Rob Ford’s final moment of peace

Meagan Campbell on a funeral that offered profound pause from a lifetime hullabaloo
Diane Ford; Doug Ford Jr.; Stephanie Ford; Renata Ford;
Mother Diane Ford, left to right, son Doug Ford Jr., wife Renata Ford and daughter Stephanie Ford wait outside city hall ahead of the funeral procession to St. James Cathedral for former mayor Rob Ford in Toronto on Wednesday, March 30, 2016. Ford died of cancer last week, at the age of 46. Frank Gunn/CP
Doug Ford and his wife walk behind the hearse carrying former Toronto Mayor Rob Ford to St James Cathedral for funeral services in Toronto, March 30, 2016. (Fred Thornhill/Reuters)
Doug Ford and his wife walk behind the hearse carrying former Toronto Mayor Rob Ford to St James Cathedral for funeral services in Toronto, March 30, 2016. (Fred Thornhill/Reuters)

“We pine to slow everything down,” Rev. Andrew Asbil says to the congregation. “You need to slow everything down.” For a moment—lasting the duration of Rob Ford’s one-hour funeral—people seem to agree.

Organ music slurs through Toronto’s St. James Cathedral, and listeners drop their chins to their chests and close their eyes. Ford’s 11-year-old daughter, Stephanie, wears a black shawl and black hair elastic, while other family members wear black lipstick. Ford’s eight-year-old son, Dougie, is too big to sit on his mother’s lap, but not too big to lean on it.

The funeral offers a profound pause from Ford’s lifetime hullabaloo. When he died last week at 46, even his wake was controversial, as he was the first late Toronto mayor who died out of office to lie in repose in City Hall. In the lead-up to the funeral, 2,000 guests and public supporters slide into pews, including Ontario Premier Kathleen Wynne and Lieutenant Governor Elizabeth Dowdeswell—escorted to their seats by clergymen with silver staffs. As the procession enters, led by clergy titled “the most Reverend,” “the very Reverend,” and the “reverends,” invited guests scramble to turn off their cellphones, while the public pulls out their own to take photos. A videocamera on a boom roams over the Ford family’s bleached blond heads.

When the ceremony begins, the chaos finally calms. Stephanie speaks for Dougie and their mother, Renata. “I know my dad is in a better place now, and he’s the mayor of heaven,” she says. “Dougie and I know he will be with us forever.” Dougie is too short for the podium, and Renata only manages, “Thank you all for coming.” Rob’s brother, Doug, tells the wife and children, “You’ll always be taken care of.” He remembers Rob as “the mayor of Canada” and shares one story of his brother delivering subs for a local shop owner, Gus, while he was in office. “And he said the best thing of all, ‘They gave me $35 and I got a three-dollar tip.’ ”

More from A transcript of eulogies at Rob Ford’s funeral

Amid the blackness, the ceremony still does justice to Rob’s charisma. “His blunt talk, no nonsense, get-it-done-now approach,” former premier Mike Harris says in a eulogy, “had inspired [people] to pick up the phone, to attend rallies, barbecues, and to vote, maybe for the very first time … what a breath of fresh air he was at City Hall.” A football player who Rob coached walks up to the pulpit from the back of the church, with a lanyard hanging out of his pocket, and recalls Rob’s loud spirit. “No one wanted to get that face red,” he says, but “he showed us right from wrong.” He kisses the casket on his way off the stage, and Renata leans out to give him a hug. A gospel singer performs Amazing Grace.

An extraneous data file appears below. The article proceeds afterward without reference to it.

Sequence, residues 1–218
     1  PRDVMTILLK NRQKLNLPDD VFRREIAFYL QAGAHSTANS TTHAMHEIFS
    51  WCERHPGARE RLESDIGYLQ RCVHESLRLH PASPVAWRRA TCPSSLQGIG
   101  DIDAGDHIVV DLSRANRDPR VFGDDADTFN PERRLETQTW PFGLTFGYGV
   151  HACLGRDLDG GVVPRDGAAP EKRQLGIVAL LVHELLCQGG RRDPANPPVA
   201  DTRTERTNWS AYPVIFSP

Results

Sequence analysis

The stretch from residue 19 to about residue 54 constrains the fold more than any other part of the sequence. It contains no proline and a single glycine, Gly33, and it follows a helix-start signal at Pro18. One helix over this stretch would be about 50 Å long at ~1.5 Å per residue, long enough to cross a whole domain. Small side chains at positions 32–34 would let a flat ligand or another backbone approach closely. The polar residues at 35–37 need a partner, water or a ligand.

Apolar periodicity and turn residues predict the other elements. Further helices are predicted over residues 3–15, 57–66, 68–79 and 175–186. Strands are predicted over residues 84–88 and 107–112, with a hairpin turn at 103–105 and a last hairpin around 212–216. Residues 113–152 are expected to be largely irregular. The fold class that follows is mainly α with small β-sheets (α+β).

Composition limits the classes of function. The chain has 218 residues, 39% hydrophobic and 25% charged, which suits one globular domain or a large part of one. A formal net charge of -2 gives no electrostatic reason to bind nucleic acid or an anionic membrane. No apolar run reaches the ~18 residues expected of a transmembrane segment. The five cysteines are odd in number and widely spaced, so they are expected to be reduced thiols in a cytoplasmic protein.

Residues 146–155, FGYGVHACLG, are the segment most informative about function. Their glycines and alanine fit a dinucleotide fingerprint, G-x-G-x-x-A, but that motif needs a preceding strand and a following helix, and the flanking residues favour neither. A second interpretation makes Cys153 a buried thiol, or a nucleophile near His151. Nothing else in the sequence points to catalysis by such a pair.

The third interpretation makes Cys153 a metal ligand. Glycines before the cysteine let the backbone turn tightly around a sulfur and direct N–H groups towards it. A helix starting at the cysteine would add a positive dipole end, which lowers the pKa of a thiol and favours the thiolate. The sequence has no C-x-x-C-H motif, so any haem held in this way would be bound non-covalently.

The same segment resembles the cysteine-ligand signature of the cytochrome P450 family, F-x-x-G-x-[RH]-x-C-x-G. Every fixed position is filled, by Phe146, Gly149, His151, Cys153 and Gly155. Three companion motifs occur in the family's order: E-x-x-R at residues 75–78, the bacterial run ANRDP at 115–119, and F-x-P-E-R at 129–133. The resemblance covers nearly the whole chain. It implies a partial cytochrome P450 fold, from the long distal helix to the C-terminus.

The audience members, who are Spanish, Chinese and Jamaican, dressed in cheetah print, turtlenecks and Velcro sneakers, are a microcosm of the entire city. One man wears Ford Nation flags sticking out of his black turban; a teenage couple cuddles each other, and a senior examines a program with a magnifying glass. “Rob was the champion of the teen,” says Doug in his eulogy. “He was the champion of the immigrant, the new Canadian, the union worker, the front-line worker and champion of the little guy.” The Fords are Catholic and conservative, while the church is Anglican and the majority of politicians in the front row are Liberal. “We’re all humans, no matter where we are in life,” says Rob’s family friend Robert Bielak, who owns a meat processing factory and worked with the Ford family labelling business. “We’re all the same. The ending is all the same.”

More from Meagan Campbell: Digging Rob Ford’s grave

Friends say the ceremony suited Rob. “He would’ve loved every minute of it,” says Phil Luzzo, his trainer in rehabilitation in Muskoka, Ont. “I would do anything if I could wake Rob up for three seconds, hold him up over the street, and show him all these people. That’s what he worked for.” Another guest is Jenny James, a singer who wrote a ditty that became Ford’s campaign anthem (the chorus begins with, “Mayor Ford, the taxpayer’s lord”). Her two toddlers whine during Rob’s ceremony, but “he wouldn’t mind,” she says. “He truly understands.”

Nobody ignores the scandals throughout his life. Evelyn Cappelli, a senior who supported Rob, explains, “He was like olives: you either hate him or you love him,” and the funeral-goers are all love. “He was as honest as the day is long,” says his high school friend James Hajduk, who also recalls Rob inviting neighbouring high schools to parties. “That’s how we got to know all of Etobicoke,” says Hajduk, “through Rob Ford’s pool parties.”

Even Rev. Asbil acknowledges Rob’s blunders. “Very few of us know what it’s like to carry the burden of living your failings and your weaknesses in such a public way as Rob Ford,” he says. However, he adds that very few people know what it’s like to live with as much admiration as Rob did. “The Lord has called him to a celestial city, where the subways run on time,” he says. The church, built in 1833, is old for such a young man’s funeral. “We really shouldn’t be here,” says the reverend. “Not yet.”